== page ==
That’s something you can do during the interview process. Explain to your new hire what the project is and what the deadlines are.

“Let them know what success looks like,” she said.

Dope’s CFO uses an internal online program with video modules to walk new hires through the training.

It details what duties they’ll perform, including training on cost, accrual and absorption accounting.

“We show them how that’s done and how to apply that to their clients,” Granger said.

It takes about 30 days for a candidate to become proficient enough to work on their own.

Henry likes to provide his new hires with an understanding of what’s expected as well.

He’ll also help his bookkeeper get up to speed with programs the company uses.

For example, he’ll provide a three-day QuickBooks course to help with training. He also will have the in-house bookkeeper meet with the outside CPA and accounting firm. “To make sure it’s all symbiotic and working together,” Henry explained.



A key management issue for Humiston is that most business owners aren’t accountants, so they must trust the person they’ve hired.

“You really want to spend time getting to know your accountant, so you know what your financials look like,” she said.

Your new hire should be helping you with concerns about your cash flow or an upcoming audit, Granger said.

“Manage them against the pain points you want them to solve,” she added.

If they’re not solving your problems or explaining the value of an issue, you need to address it.

“If there’s something that you want and you’re not seeing that, I would bring that up to your accountant,” Granger said.

As long as the accountant has what he or she needs, Henry gives them space to work.

For example, he’ll put his bookkeeper in the same room with the outside CPA to give that person a full understanding of how to work together and what’s expected.

“It’s as simple as that,” he said. “It’s making sure that they have all the tools necessary in order to do their job right.”



Compliance is the key to keeping your cannabis business afloat in this highly regulated industry. This is where your accountant plays a major role.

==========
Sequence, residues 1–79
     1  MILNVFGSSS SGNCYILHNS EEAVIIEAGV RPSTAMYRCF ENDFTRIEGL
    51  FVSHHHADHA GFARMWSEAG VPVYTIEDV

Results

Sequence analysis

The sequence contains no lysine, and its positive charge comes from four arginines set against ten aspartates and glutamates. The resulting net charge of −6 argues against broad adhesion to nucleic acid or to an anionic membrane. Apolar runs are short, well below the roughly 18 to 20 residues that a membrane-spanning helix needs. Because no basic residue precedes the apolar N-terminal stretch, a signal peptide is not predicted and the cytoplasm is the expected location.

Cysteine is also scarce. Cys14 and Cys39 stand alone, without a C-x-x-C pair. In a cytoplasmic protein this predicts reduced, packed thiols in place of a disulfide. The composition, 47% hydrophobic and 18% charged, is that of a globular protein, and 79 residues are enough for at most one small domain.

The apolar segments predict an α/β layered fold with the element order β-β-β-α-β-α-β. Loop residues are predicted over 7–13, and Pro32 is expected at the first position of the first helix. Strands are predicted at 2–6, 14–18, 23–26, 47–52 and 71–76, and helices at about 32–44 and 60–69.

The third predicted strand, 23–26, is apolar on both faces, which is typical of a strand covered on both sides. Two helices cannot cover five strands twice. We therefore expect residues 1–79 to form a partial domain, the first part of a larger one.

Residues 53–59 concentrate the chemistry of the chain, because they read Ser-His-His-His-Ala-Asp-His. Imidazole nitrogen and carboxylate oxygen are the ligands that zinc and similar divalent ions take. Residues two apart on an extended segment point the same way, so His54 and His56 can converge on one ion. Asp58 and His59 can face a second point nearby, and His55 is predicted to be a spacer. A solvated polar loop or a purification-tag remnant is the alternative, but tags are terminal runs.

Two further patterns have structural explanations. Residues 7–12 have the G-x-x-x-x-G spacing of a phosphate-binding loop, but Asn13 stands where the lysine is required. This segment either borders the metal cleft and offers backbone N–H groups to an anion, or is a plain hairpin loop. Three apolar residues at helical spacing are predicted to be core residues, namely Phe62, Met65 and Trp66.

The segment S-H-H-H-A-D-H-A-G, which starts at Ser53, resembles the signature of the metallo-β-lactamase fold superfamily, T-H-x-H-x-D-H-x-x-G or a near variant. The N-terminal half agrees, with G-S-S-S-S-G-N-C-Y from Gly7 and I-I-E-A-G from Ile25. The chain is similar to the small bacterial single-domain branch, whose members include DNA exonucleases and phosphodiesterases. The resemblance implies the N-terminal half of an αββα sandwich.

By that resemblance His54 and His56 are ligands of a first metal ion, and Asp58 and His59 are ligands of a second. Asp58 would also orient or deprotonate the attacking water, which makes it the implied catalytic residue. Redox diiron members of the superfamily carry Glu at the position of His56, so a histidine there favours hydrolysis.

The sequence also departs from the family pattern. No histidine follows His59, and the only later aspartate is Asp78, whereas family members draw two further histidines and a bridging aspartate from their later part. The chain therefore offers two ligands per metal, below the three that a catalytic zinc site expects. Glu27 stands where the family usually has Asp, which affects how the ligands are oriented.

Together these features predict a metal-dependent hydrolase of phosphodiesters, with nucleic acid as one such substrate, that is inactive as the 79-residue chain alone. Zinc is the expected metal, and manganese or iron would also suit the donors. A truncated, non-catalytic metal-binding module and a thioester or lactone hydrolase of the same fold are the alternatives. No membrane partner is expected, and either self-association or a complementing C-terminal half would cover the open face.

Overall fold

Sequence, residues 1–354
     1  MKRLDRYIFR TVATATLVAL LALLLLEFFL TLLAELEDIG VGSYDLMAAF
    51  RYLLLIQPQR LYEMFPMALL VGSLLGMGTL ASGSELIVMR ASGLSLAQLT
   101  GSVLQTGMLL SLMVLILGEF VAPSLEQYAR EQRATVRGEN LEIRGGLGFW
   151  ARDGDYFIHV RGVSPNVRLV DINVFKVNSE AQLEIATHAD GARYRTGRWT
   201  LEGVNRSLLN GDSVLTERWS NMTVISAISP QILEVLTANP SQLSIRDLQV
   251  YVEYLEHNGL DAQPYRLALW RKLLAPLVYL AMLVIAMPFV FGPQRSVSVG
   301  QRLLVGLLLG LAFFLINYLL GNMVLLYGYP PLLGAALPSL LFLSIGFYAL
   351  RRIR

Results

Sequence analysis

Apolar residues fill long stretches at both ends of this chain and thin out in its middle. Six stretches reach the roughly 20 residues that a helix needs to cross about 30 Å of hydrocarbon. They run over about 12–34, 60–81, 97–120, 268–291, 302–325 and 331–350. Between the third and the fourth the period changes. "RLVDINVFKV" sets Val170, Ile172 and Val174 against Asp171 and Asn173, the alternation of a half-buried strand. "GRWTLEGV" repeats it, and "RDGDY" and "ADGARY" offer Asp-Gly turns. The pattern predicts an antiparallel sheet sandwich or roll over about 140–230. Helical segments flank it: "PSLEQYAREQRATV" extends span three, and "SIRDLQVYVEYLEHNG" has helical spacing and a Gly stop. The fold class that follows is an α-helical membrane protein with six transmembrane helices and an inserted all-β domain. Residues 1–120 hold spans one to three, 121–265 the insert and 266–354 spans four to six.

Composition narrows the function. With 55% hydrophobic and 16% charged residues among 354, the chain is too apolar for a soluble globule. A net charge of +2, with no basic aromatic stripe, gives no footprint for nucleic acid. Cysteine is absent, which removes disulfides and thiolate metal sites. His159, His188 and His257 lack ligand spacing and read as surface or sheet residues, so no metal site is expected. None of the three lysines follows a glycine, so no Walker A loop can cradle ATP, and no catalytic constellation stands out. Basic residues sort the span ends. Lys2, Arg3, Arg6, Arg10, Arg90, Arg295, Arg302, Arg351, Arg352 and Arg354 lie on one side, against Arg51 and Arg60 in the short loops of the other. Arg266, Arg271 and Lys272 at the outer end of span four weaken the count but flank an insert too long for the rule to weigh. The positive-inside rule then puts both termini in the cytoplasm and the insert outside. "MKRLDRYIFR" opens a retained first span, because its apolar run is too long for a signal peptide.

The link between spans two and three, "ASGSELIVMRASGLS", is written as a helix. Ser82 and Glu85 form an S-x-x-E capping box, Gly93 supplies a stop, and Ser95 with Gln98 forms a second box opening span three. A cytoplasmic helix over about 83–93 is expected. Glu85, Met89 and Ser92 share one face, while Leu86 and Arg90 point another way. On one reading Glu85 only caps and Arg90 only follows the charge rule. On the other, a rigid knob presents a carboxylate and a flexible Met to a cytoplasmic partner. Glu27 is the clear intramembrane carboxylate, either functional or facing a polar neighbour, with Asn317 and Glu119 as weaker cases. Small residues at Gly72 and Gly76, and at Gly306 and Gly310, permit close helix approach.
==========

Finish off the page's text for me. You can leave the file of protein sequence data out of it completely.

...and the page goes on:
When hiring an accountant, it’s best to watch out for candidates who:

  • Have large, unexplained gaps in their job history.
  • Can’t provide a specific benefit to your business such as setting up a solid financial infrastructure.
  • Don’t have previous cannabis industry experience.

Karson Humiston, founder and CEO of Denver staffing agency Vangst, avoids candidates with a big hole in their resume timeline that can’t be explained.

“If there’s a gap in the resume between, let’s say, 2014 and 2017, it’s very important to identify what the candidate was doing during that period of time,” she said.

She also flags someone who appears to be job hopping – for instance, a candidate who changed jobs every two months for a year.

“That signals high turnover – not a very loyal person,” Humiston said. “You want to look for someone who has demonstrated longevity within the company.”

Don’t hire anyone who can’t provide specific value to your business, said Naomi Granger, owner and founder of Dope CFO, a Bend, Oregon-based training company for accountants in the cannabis industry.

“Stay away from that and look for people who keep your specific needs in the forefront of what they’re providing for you,” she said.

Jesse Henry, executive director of the Barbary Coast recreational and medical marijuana retail store in San Francisco, would avoid a candidate who doesn’t have enough experience and familiarity with the cannabis industry.

“That’s the number one thing,” he said. “I would like to see a little bit of experience with our industry.”